University, city, county, state, and business leaders and community members gathered at the core site for Innovate ABQ on Tuesday morning in downtown Albuquerque to witness the groundbreaking ceremony for the research and innovation district’s first facility—the Lobo Rainforest Building. The Innovate ABQ project was begun three years ago as a multi-partner effort to stimulate New Mexico’s economy and transform it into an innovation economy through the creation of new companies and jobs from the abundant technologies and innovative entrepreneurial programs available at the state’s research universities and labs. To read more about the event, see Kevin Robinson-Avila’s article “Innovate ABQ groundbreaking highlights student entrepreneurship,” from the Albuquerque Journal, Dianne Anderson’s article, “Partners break ground for new building at Innovate ABQ site,” from UNM Newsroom, both reprinted below, and Stephanie Guzman’s article, “Innovate ABQ breaks ground, search for CEO still on,” at http://www.bizjournals.com/albuquerque/news/2016/07/12/innovate-abq-breaks-ground-search-for-ceo-still-on.html. Also see Megan Cruz’ report, “Ground breaks for new project: ‘Innovate ABQ’,” from the KOAT Channel 7 News at http://www.koat.com/news/ground-breaks-for-new-project-innovate-abq/40480080.
By Kevin Robinson-Avila / Journal Staff Writer
Tuesday, July 12, 2016 at 10:48am
University of New Mexico nanoscience and microsystems engineer Harry Pappas believes an anti-microbial cleaning wipe he helped develop at UNM will allow hospitals and medical clinics to kill bacteria in a single swipe.
Pappas, who graduated from UNM this year, is working to market the product through his recently formed company, BioSafe Technologies LLC. The startup already has financial backing from the Nevada-based venture investment firm Sunbelt Technologies Management LLC, allowing it to license the technology from UNM, seek U.S. Environmental Protection Agency approval to sell its anti-microbial wipes and begin marketing efforts in the medical industry.
Pappas personifies the type of young, aspiring student-turned-entrepreneur that UNM is seeking to inspire, train and assist through Innovate ABQ, the high-tech research and development hub the university is building at Central and Broadway Downtown with the city, the county and private partners.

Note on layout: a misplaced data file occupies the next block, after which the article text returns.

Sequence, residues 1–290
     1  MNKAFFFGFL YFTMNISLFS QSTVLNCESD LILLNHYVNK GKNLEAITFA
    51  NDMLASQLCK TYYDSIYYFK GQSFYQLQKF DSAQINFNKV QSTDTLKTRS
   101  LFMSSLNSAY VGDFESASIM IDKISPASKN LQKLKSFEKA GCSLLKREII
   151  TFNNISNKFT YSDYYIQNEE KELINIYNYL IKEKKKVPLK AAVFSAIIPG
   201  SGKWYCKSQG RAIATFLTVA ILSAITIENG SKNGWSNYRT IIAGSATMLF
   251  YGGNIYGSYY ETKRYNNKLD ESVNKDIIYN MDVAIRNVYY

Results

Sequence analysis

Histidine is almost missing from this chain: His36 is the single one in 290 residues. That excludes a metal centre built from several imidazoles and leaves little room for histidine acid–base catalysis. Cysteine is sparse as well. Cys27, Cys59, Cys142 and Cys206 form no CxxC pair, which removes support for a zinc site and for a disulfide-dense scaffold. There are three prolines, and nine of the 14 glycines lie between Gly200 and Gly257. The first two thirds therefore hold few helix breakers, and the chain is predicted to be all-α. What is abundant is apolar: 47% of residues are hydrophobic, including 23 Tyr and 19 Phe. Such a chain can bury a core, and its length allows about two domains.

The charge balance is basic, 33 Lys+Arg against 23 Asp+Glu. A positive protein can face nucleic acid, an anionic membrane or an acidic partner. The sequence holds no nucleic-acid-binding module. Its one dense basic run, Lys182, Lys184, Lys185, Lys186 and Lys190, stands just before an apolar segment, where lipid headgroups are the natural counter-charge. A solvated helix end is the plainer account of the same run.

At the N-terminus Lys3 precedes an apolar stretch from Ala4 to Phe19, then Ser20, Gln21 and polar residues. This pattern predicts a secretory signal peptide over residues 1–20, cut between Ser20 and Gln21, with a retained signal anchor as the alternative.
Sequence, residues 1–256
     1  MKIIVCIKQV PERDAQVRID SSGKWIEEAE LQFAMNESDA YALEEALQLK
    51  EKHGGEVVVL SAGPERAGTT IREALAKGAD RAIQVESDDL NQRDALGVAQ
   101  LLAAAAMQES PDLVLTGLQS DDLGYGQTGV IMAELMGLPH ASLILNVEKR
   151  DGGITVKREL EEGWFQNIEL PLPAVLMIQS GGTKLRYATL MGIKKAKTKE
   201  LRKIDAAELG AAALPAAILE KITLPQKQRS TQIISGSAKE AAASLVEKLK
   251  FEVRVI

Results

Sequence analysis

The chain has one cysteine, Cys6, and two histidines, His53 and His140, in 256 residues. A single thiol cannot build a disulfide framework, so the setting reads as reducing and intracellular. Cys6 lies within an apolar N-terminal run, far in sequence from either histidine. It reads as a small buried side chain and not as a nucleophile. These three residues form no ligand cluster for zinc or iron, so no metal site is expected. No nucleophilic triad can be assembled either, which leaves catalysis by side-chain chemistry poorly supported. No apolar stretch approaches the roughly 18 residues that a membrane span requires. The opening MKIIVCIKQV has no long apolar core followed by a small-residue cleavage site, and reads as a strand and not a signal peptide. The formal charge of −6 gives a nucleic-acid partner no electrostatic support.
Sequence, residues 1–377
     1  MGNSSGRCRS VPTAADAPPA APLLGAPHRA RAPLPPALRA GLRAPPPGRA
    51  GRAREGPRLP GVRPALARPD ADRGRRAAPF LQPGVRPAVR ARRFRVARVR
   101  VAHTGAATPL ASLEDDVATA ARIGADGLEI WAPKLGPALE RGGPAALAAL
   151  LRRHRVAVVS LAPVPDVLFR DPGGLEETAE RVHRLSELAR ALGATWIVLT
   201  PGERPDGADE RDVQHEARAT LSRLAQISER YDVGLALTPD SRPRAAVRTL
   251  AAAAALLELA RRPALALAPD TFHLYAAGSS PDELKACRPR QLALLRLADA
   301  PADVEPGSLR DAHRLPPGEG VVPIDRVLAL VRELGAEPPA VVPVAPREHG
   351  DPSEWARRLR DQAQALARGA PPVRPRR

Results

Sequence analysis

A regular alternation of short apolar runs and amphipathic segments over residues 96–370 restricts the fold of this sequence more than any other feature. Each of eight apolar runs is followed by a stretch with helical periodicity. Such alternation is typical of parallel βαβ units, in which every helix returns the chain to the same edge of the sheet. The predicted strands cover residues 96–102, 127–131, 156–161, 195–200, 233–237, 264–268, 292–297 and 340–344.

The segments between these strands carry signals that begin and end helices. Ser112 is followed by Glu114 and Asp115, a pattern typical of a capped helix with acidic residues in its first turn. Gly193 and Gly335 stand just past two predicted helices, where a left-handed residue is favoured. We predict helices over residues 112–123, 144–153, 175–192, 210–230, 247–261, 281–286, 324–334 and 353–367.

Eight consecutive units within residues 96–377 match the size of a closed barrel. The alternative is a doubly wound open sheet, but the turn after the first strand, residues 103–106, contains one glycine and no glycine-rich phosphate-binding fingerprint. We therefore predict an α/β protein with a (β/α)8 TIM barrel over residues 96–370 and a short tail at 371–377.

To highlight those goals, Innovate ABQ invited Pappas to speak at the groundbreaking Tuesday morning for the project’s first building — a six-story, 160,000-square-foot facility that will open in August 2017. The ground floor will house commercialization programs for emerging technology from UNM and the state’s other research universities and national labs, UNM’s educational Innovation Academy for student entrepreneurs, and up to 310 students in two-bedroom apartments on the building’s five upper floors.
“Innovate ABQ will allow students and researchers to surround themselves with others who have similar goals in entrepreneurship and innovation,” Pappas told about 75 people who gathered for the groundbreaking. “They need lots of skill sets, such as communications, team work, problem solving and critical thinking. They can learn those things from the new opportunities offered through Innovate ABQ and the Innovation Academy.”
UNM President Robert Frank said Innovate ABQ will provide a place where students and researchers can come together with entrepreneurs and business professionals to gain the skills and access the resources they need to launch and grow new businesses like BioSafe.
“These startups, these seedlings, I think will grow into full-scale businesses here,” Frank said at the event.
Local, state and private sector leaders attended the groundbreaking, which kicked off the first new construction at the old Baptist Church property, a seven-acre site UNM acquired in 2014 with funding from its public and private partners.
Mayor Richard Berry called the groundbreaking a “new day” for economic development based on the public and private sectors working together.
“It’s the wave of the future,” Berry said. “… (We’re) taking risks on behalf of the next generation of leaders.”
Pappas said such efforts are critical for young people like him to pursue entrepreneurship.